I don’t want to give the impression that I’m an unsanitary dirty slob (I come from a family of farmers so a little dirt is a way of life), and years ago, I listened to a report about ‘Super Viruses’ and how we were making them ourselves by overuse of antibiotics and anti-bacterial everything. Every time we take an antibiotic or use an antibacterial, we do not kill all the bugs: some are resistant, survive and then when they reproduce, all the new bugs have their parents’ resistance to antibiotics/ antibacterials. This is how we end up with killer bacteria like MRSA (methilicillin-resistant staph aureus) and VRSA (vancomycin-resistant staph aureus) just to name a couple. These killer bacteria are resistant to most of the drugs used to treat the ‘normal’ staph infections, and if not treated correctly, they will kill you. (No kidding: I’ve the MRSA and it’s not fun.) The doctor quoted in the report advised not taking an antibiotic every time we think we get a cold or flu, and when we wash our hands, regular soap and warm/ hot water is enough. This advice stuck with me and my sister and so while I do keep the antibacterial stuff around for times when I think it’s needed, most of the time I just use the soap and water. I’ve never been a fan of gulping medications of any kind (the only reason I went to the doctor for the MRSA was because it was MRSA.) I get a cold, I’m miserable for about a week and I get over it. Maybe I’m just old fashioned, but I figure if we consistently hide from dirt and germs, when we do run across them, we have no resistance to them. As a kid, I played in the sandbox, ran around barefoot and, according to my mom, was a big fan of making mud pies when I was a baby. I’ve also had pets all my life and they sit on my lap, lick my face and hands, and sleep right next me. (If what Dr. Axe says is true, my pets and I have a lot of the same microbiota!)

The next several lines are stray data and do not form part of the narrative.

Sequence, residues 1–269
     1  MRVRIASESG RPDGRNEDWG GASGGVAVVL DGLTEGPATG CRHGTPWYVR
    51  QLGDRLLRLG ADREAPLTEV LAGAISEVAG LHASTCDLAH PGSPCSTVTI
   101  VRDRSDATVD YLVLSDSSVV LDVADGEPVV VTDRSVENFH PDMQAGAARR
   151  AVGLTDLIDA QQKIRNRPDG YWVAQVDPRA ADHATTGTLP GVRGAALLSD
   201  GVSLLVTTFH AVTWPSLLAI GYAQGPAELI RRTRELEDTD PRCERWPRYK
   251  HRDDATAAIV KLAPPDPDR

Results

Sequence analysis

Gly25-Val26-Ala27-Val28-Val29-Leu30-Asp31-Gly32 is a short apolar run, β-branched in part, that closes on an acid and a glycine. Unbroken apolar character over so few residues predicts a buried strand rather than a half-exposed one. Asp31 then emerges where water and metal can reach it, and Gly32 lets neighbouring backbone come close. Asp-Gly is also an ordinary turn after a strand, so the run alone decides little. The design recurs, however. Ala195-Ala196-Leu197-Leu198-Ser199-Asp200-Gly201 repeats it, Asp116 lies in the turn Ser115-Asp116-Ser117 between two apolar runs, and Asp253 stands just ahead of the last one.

Dr. Axe’s philosophy regarding bacteria and germs is fairly similar to my own: micro-exposure. Basically, my philosophy has been to treat my immune system like a car and keep the battery charged and fuel lines in good shape by using it. If your car just sits idle in the garage, your battery loses its charge and if it sits too long, the oil and gas start to lacquer. The tires and fuel lines start to crack and lose flexibility. In other words, your car falls apart and your immune system isn’t much different. If your immune system gets triggered periodically by a cut, a cold or some mildly unpleasant stomach bug, it swings into action, takes care of it and then goes back to ‘stand-by.’ If your immune system doesn’t get triggered regularly, then it can overreact and start attacking everything, including your own body. Or, if it’s constantly triggered because you eat foods you are sensitive to, then it can also start ignoring the triggers, the way you hit the snooze button on your alarm clock when you’re half asleep. Later, when you wake up after oversleeping, you’re in real trouble! Getting small exposures to bacteria on a regular basis keeps everything functioning normally. Your immune system knows what’s a real threat and what isn’t and you can pick up additional healthy bugs!